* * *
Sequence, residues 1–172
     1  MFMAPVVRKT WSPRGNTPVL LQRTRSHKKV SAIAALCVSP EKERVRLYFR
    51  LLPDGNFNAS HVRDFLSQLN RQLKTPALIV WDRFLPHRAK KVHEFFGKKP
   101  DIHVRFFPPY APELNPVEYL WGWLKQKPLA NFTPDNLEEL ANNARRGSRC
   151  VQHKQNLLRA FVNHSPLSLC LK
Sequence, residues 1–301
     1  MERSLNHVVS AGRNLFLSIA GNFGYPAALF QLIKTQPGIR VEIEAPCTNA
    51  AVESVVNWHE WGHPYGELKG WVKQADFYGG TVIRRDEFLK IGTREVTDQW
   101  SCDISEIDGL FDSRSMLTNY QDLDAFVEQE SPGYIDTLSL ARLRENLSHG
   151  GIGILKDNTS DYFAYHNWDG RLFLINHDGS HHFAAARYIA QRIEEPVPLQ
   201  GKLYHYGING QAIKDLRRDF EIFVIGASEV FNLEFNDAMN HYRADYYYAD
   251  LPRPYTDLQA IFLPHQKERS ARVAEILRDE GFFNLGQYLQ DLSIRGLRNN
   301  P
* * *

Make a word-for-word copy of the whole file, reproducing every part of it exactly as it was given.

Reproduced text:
Sequence, residues 1–172
     1  MFMAPVVRKT WSPRGNTPVL LQRTRSHKKV SAIAALCVSP EKERVRLYFR
    51  LLPDGNFNAS HVRDFLSQLN RQLKTPALIV WDRFLPHRAK KVHEFFGKKP
   101  DIHVRFFPPY APELNPVEYL WGWLKQKPLA NFTPDNLEEL ANNARRGSRC
   151  VQHKQNLLRA FVNHSPLSLC LK
Sequence, residues 1–301
     1  MERSLNHVVS AGRNLFLSIA GNFGYPAALF QLIKTQPGIR VEIEAPCTNA
    51  AVESVVNWHE WGHPYGELKG WVKQADFYGG TVIRRDEFLK IGTREVTDQW
   101  SCDISEIDGL FDSRSMLTNY QDLDAFVEQE SPGYIDTLSL ARLRENLSHG
   151  GIGILKDNTS DYFAYHNWDG RLFLINHDGS HHFAAARYIA QRIEEPVPLQ
   201  GKLYHYGING QAIKDLRRDF EIFVIGASEV FNLEFNDAMN HYRADYYYAD
   251  LPRPYTDLQA IFLPHQKERS ARVAEILRDE GFFNLGQYLQ DLSIRGLRNN
   301  P